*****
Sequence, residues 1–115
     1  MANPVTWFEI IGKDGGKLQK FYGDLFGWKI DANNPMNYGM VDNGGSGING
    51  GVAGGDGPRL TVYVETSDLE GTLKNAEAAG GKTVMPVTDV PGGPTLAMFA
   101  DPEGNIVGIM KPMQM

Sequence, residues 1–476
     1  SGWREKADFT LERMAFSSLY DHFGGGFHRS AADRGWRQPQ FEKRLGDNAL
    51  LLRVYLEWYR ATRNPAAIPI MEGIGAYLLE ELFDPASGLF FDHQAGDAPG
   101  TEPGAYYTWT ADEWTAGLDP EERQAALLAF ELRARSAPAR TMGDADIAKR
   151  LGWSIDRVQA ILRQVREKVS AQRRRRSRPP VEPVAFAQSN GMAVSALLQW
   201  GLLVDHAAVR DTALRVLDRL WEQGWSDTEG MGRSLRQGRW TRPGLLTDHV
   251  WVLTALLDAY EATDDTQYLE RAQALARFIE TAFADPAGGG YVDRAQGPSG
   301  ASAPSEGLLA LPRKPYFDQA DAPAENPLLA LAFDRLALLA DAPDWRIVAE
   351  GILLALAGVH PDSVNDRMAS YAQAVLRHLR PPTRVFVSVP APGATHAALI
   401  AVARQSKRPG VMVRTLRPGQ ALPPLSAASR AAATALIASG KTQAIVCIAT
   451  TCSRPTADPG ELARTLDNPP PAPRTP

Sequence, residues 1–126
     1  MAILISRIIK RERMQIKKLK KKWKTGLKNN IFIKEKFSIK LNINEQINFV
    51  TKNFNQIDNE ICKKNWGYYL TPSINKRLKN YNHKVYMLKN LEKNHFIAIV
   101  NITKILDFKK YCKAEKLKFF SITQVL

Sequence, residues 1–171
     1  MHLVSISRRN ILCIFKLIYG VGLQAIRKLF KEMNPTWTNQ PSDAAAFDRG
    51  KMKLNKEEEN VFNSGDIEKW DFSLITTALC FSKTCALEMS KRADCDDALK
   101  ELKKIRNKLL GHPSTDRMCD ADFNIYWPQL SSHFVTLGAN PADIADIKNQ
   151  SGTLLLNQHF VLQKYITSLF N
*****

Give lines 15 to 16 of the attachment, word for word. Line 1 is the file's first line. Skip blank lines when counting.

   451  TCSRPTADPG ELARTLDNPP PAPRTP

Sequence, residues 1–126